White rice is a staple food for many Asian countries, serving as a main food source for over half the world’s population, according to Utah State University Extension Agent Jana Darrington. White rice, which has been refined, has the husk, bran and germ layers removed, so just the white inner kernel remains. Removing the outer layers removes much of the nutritional value; enriched rice products have nutrients added back in an attempt to equal the original nutritional value. White rice, particularly instant white rice, has less nutritional value than brown rice.
White rice is a good calorie source; 1 cup of cooked white instant rice contains around 165 calories, while unenriched parboiled white rice contains 205 calories in 1 cup and brown rice contains 216 calories in 1 cup. Most of the calories in rice come from carbohydrate; brown rice and most non-instant white rice have around 44 g of carbohydrate per serving while instant white rice has 35 g. Broen rice offers more fiber than white rice, at 3 grams per serving versus 0.6 grams in white rice. Rice also contains protein -- 5 g per serving for brown rice, 3.3 g for instant white rice and 4 g for non-instant white rice.
Vitamins and Minerals
Even enriched instant or parboiled white rice has fewer vitamins and minerals than brown rice, with the exception of iron. Brown rice has much higher levels of phosphorus and magnesium -- two nutrients that nourish your skeleton -- as well as selenium and manganese, two antioxidants. Enriched rice has iron, niacin, thiamin, and folic acid added. Iron and folic acid promote healthy red blood cell function, while niacin and thiamin support your metabolism.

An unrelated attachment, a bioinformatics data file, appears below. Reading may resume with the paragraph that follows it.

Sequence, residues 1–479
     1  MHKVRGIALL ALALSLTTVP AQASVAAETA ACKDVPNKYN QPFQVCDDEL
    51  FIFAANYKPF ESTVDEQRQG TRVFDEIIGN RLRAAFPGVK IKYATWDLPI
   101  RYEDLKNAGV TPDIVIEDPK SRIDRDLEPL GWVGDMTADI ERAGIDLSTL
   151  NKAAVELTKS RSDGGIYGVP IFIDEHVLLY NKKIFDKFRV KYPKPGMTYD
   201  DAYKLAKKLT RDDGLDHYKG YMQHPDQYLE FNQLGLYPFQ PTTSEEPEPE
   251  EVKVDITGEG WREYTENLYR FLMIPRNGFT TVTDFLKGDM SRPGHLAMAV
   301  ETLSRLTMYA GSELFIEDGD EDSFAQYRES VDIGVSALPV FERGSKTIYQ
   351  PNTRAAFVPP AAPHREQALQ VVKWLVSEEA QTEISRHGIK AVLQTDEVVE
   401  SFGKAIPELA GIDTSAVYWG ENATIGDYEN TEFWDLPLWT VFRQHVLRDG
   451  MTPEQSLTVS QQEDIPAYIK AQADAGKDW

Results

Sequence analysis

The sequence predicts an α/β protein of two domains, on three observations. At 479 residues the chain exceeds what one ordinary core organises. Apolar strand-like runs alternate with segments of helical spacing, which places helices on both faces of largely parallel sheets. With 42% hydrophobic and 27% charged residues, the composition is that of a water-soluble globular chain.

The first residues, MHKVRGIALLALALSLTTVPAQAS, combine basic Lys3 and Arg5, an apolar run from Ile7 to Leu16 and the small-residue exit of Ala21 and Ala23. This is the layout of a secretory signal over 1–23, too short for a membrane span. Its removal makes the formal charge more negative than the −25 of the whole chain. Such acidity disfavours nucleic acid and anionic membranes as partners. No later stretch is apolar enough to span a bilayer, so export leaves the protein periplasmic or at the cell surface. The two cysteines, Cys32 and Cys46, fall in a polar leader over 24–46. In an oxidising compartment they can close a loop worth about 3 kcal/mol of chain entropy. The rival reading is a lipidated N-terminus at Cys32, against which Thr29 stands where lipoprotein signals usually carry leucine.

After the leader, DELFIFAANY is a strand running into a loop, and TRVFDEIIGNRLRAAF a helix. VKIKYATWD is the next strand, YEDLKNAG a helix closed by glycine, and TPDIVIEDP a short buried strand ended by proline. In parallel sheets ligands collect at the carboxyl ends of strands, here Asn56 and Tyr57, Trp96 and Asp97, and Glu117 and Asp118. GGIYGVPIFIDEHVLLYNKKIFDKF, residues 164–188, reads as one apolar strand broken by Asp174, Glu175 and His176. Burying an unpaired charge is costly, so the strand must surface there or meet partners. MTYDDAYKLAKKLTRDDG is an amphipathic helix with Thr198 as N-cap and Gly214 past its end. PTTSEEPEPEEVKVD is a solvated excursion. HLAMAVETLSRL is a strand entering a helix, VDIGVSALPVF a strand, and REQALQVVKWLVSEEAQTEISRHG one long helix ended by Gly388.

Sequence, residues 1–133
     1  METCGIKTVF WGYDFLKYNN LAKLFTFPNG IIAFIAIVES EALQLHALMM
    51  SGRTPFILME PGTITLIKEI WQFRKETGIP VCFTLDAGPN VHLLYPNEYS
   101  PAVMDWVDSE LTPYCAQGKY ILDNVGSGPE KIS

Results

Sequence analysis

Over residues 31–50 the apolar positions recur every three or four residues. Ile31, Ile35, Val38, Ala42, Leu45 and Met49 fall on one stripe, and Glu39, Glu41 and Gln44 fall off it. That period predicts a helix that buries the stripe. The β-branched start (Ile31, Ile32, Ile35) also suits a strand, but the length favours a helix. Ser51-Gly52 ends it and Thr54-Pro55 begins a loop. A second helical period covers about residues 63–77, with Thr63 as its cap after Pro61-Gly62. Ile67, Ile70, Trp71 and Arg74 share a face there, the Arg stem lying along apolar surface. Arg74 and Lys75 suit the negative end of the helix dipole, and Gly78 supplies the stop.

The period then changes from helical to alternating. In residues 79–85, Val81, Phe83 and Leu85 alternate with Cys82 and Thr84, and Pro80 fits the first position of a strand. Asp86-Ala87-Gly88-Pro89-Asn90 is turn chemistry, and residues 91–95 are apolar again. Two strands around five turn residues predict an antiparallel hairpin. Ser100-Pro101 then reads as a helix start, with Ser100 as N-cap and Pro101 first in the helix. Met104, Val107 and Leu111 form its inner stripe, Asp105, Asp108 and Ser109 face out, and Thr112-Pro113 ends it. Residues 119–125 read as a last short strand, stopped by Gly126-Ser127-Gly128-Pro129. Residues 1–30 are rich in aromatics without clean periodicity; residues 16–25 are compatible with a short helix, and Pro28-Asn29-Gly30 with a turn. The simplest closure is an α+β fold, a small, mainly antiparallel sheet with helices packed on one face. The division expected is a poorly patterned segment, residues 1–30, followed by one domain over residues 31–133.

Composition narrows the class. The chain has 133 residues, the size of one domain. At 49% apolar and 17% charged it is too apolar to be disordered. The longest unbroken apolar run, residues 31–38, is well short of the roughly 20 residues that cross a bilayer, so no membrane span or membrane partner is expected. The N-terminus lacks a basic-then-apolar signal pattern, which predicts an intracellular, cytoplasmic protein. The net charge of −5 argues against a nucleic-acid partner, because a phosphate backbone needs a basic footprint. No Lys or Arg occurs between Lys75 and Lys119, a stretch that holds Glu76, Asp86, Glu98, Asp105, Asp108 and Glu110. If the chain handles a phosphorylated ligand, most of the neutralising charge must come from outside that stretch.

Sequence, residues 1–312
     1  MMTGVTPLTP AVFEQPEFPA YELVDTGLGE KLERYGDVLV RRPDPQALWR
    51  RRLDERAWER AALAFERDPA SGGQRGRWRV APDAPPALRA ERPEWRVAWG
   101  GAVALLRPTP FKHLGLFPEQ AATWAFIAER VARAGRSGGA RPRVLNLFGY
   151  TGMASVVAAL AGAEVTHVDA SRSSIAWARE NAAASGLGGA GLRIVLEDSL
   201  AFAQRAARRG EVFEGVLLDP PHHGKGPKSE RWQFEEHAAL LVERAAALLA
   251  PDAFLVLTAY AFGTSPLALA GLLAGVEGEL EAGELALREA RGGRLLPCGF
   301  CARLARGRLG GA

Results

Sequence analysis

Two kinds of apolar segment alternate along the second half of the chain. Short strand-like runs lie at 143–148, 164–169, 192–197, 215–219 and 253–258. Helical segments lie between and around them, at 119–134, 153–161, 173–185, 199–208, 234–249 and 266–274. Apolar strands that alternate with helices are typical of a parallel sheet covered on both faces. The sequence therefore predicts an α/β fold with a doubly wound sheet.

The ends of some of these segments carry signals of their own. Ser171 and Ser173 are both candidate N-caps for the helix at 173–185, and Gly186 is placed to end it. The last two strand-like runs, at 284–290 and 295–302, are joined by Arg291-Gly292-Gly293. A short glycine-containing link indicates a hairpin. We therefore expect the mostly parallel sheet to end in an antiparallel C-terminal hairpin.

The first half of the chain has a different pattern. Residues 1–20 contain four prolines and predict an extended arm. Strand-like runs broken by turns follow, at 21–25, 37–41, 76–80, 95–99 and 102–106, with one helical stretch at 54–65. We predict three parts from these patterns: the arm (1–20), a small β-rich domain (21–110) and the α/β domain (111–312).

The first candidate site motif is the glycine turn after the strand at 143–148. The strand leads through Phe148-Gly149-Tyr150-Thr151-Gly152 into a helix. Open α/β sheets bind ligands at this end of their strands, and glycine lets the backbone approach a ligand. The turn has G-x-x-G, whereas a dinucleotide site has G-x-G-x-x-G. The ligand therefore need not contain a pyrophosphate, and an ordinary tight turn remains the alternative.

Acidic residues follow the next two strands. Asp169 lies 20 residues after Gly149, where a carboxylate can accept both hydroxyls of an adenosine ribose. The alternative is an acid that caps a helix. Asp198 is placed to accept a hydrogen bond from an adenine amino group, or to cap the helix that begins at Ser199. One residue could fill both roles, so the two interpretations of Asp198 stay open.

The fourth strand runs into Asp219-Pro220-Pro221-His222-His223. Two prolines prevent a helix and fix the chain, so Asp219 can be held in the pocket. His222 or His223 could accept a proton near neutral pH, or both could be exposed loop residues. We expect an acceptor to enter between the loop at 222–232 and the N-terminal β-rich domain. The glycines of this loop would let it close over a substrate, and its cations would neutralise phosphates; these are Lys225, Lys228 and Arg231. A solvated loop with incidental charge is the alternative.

Refined white rice has a higher glycemic index than brown rice, meaning it breaks down into glucose much more quickly after being eaten than brown rice. Foods with a high glycemic index can increase the risk of developing Type 2 diabetes, according to the Harvard School of Public Health. Brown rice takes longer to break down because it contains more fiber. A Harvard study showed that eating five or more helpings of white rice per week increased the risk of developing Type 2 diabetes by 17 percent, while those who ate two servings of brown rice per week reduced their risk by 11 percent.
White rice is more easily stored and keeps longer than brown rice. Rice in general is a low-allergy food. When buying white rice, choose parboiled versions which take longer to cook but retain more nutrients.
- Voice of America; Eating White Rice Increases Diabetes Risk; Smitha Raghunathan; June 2010
- USDA Nutrient Data Library: Rice, White, Long-Grain, Regular, Cooked
- Utah State University Cooperative Extension; White Rice; Jane Darrington, et al.; September 2008
- Harvard School of Public Health; Replacing White Rice with Brown Rice or Other Whole Grains May Reduce Diabetes Risk; June 2010
- USDA Nutrient Data Library: Rice, Brown, Long-Grain, Cooked